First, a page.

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Use Positive Psychology to Prevent Burnout

I receive Harvard Management Tip emails every morning. I just read an adaptation of Kate Northrop’s Burning Out and Dialing it Back article. It’s excellent, and it made me think of positive psychology and how we may find ourselves misled by the idea of just “dialing it back.”

It is effortless to say stop, think, do the following. That is not always how it works, though. Some people need a fuller understanding of when they are “overworking” or about to burn out.

I bring in positive psychology because sometimes, the state of flow makes us reach this idea of burning out much quicker than otherwise. Are we burning out? It’s always a negative concept, but we do need to listen to what Ms. Northrop says, understand it better, let’s say. We tend to fall into these states where so much is going well that we refuse to stop. We are “in the zone,” or we’ve gotten to that moment where things are just flowing so well that we do not want to stop.

Alright, so we don’t want to stop. We want to keep it “flowing” because it’s working well, looking good, and we (may not be here again). That’s not true. Stepping back is a good thing. However, it would help if you understood that positive psychology and a flow state do not necessarily align with burnout and need to stop. Doesn’t burnout mean there is a trying feeling? There is a moment of darkness and just no congruency in thinking? You need to be able to distinguish one from the other. And not be afraid to do so.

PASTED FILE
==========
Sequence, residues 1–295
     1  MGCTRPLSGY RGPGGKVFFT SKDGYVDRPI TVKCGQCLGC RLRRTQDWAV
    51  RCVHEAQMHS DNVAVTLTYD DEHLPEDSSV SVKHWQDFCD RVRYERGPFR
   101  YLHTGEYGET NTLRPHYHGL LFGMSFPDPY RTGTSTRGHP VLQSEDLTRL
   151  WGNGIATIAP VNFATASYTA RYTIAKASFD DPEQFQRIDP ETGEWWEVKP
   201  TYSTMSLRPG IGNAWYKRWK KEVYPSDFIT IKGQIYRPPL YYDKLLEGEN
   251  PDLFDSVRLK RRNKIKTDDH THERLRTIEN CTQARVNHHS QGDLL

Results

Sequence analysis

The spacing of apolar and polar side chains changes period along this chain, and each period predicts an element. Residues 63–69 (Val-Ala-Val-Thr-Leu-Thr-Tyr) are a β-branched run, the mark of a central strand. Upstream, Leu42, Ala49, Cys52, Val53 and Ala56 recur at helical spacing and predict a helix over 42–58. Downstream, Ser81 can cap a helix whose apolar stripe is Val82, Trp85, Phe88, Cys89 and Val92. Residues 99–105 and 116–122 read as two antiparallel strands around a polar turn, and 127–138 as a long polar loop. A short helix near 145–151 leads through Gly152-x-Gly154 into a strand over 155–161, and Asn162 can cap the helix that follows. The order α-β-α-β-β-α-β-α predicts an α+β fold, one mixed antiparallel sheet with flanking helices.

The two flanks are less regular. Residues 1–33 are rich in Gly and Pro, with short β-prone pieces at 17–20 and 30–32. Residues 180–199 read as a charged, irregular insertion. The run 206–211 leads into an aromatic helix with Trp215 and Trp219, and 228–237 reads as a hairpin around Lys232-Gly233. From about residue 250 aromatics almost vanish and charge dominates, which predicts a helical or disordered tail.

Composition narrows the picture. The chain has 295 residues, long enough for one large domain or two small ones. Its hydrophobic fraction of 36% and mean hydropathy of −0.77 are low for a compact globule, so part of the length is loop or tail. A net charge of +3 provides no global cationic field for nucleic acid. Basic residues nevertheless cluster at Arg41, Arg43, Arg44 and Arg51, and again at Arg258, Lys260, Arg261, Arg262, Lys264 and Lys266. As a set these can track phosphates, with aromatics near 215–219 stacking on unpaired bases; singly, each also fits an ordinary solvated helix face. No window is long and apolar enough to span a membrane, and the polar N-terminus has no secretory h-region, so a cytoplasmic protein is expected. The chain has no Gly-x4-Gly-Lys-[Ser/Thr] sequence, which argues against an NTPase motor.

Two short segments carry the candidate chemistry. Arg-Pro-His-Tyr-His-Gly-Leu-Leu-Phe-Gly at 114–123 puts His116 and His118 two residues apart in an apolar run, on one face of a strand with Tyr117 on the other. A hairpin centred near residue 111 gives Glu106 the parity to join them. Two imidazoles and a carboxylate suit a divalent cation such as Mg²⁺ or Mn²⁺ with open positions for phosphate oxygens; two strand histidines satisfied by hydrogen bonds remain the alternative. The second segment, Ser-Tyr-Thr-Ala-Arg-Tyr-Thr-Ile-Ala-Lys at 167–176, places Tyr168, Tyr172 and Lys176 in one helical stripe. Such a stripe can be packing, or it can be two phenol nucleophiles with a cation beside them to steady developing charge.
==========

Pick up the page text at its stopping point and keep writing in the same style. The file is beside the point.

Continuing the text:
I was an aspiring doctor at one point. A medical doctor, that is. I would stay up all night reading biology books, sleep during the day, and be so burnt out that I took the same class 3 times. That’s burning out. That’s not being in a state of flow where being up and studying feels good. A form of flow does not include physical strain. Even if your state of flow were running miles in seconds, your body would not be physically strained. It’s the power of diminishing that feeling because you are psychologically not there. You are in the moment of running and not in the moment of stressing your body so far it aches in the end.

Take the step back. Northrop states to rewrite the narrative. Yeah, agreed. Rewrite what you are doing. Make it a positive state of flow, and be in the moment. Be in the moment by controlling yourself within the moment enough to hold the moments also. Control your mind, your actions. Know when to stop. And always move forward health-first.

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